Cluster update

I am  delighted to say that the Raspberry Pi cluster project is now fully funded to the first target of £2,500, this means that the Indiegogo fees will be 4% of the total rather than the 9% which applies to partly funded flexible campaigns. The money received by Paypal has already partially cleared, so we have been out spending some of it, here is a collection of Raspberry Pi units doing some load testing.

Initial testing

There are many ways to build a cluster and many decisions to take along the way, like how to power them, what SD cards to use, whether to overclock them, how to do networking, how to fix them together etc. I will try to explain some of the reasons behind what we are doing and what we tried and didn’t like so much.

Powering the Pis

The first two criteria for powering the cluster was that it must be safe, and it must look safe. These are not the same thing at all, it is quite easy to have something with bare wires all over the place that looks a bit scary, but is entirely safe. It is also possible to have it looking great, but overloading some components and generating too much heat in the wrong place and build something that is a good looking fire risk. A single large transformer was one approach, difficulties would be handling the connection from 20A cable or rail (basically like mains flex, the current decides the wire gauge, not the voltage) down to MicroUSB, most electronics components like a USB socket or stripboard are rated for 2.5A max so we would end up with chunky mains grade connectors all over the place, which looks scary, even if it is entirely safe. After a bit of experimentation we found a D-Link 7 port USB hub with a 3A power supply and decided to see how many Raspberry Pi  devices we could power from it, turns out that it can do all 7, which was a bit of a surprise. We know the Pi should be able to draw 700mA for a reliable supply, but that is when it has two 100mA USB peripherals plugged into it and is running the CPU and GPU flat out. As we are not using the USB ports and we won’t be using the GPU at all, our little Pi units only draw about 400mA each. This simplifies the power setup a lot, we just need several of these high powered hubs giving us a neat, safe and safe looking setup. The power supply for the hub does get a little warm, but I have tested the current draw at the plug and we are not exceeding the rated supply.


Initially I wanted to find out if we could do it all with WiFi. This would cut out the wires, would give us a decent theoretical peak speed and could in theory be supported by a single wifi router. After testing Pi compatible Wireless N dongles the performance just wasn’t there, the max we could get was 20Mbit/sec, whilst with wired networking 74Mbit/sec was achievable. I am not sure if this was a limitation of the USB system or the drivers, but it became clear that wired networking would be significantly quicker. Having decided that wires are the way forward it came to choosing switches. One big switch or lots of little ones? Well price/performance ratio of the small home switches is just unbeatable. We settled on some TP-Link 8 port gigabit switches. Obviously the Pi would only be connecting at 100Mbit (link speed) but the uplink to the backbone switch is at gigabit speeds. Choosing the 8 port switch meant that we were going to have groups of 7 Raspberry Pi units and one port for the uplink. This approach of multiple hubs has the excellent side effect that the cluster is modular. Every shelf can run as a self-contained cluster of 7 devices networked together, we then join them together using a backbone hub to make a bigger cluster.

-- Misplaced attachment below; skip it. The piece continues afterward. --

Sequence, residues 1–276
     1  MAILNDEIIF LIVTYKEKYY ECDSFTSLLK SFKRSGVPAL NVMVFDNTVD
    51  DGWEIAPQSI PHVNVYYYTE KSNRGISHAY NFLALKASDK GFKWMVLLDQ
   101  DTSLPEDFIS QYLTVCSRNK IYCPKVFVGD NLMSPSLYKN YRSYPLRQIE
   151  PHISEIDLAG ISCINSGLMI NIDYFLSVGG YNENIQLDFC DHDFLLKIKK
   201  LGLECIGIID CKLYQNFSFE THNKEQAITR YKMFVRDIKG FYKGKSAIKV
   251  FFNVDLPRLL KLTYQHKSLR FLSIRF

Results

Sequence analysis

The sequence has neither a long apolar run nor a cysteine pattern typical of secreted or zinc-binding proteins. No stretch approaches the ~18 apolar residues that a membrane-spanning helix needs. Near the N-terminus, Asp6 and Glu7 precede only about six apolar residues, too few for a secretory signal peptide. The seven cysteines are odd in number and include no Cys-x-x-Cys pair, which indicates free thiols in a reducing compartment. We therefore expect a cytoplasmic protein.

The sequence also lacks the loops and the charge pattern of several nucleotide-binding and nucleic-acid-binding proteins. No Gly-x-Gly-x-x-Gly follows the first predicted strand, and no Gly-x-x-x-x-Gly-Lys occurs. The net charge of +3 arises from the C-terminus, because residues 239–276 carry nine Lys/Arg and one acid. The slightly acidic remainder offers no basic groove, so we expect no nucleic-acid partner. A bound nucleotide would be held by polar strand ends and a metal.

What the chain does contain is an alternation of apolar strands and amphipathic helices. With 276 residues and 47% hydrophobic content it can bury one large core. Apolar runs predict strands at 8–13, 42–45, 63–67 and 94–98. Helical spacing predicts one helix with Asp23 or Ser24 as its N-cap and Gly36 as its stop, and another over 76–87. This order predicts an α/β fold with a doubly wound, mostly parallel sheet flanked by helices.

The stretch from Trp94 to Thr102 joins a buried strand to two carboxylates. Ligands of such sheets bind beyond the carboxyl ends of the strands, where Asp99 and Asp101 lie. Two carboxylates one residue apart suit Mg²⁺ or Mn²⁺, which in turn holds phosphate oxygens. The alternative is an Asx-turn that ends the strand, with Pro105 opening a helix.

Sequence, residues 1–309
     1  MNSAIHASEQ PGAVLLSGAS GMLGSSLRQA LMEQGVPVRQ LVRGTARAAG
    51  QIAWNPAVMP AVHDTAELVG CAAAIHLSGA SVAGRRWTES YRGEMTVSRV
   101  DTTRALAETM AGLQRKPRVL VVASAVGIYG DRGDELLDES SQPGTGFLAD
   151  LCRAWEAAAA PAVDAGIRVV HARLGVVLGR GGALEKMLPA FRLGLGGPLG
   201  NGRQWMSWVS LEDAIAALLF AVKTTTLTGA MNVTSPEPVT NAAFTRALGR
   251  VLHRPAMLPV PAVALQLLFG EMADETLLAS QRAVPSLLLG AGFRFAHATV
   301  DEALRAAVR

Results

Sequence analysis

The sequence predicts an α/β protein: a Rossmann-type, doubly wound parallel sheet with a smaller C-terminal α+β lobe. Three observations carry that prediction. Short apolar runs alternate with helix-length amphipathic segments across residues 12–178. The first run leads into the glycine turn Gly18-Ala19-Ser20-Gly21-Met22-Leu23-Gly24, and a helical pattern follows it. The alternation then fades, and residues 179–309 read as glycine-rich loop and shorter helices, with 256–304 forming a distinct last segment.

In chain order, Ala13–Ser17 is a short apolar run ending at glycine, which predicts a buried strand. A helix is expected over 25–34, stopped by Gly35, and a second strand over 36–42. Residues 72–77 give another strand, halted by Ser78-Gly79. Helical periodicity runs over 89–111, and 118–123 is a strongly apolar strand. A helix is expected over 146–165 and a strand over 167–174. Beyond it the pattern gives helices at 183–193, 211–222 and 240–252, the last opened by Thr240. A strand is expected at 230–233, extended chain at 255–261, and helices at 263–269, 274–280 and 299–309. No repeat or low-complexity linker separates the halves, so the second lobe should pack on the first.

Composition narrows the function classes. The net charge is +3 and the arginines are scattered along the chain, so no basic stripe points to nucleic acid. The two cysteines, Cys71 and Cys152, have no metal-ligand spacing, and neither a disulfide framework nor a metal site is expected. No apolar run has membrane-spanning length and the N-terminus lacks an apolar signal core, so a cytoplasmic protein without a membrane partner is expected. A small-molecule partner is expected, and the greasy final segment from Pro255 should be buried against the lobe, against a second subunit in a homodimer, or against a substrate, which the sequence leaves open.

Physical setup

Here is the first layout attempt. It uses a 30cm x 50cm shelf, with the pi units screwed to wooden dowels pushed into holes drilled in the shelf. There are holes drilled through for the network cables, which were snipped and re-crimped on the other side.

Pi On a Board

The router and power setup were screwed to the underside of the shelf. This setup was a bit fiddly to build, crimping network cables is a bit time consuming and the dowel arrangement wasn’t as neat as I wanted.

pi on the side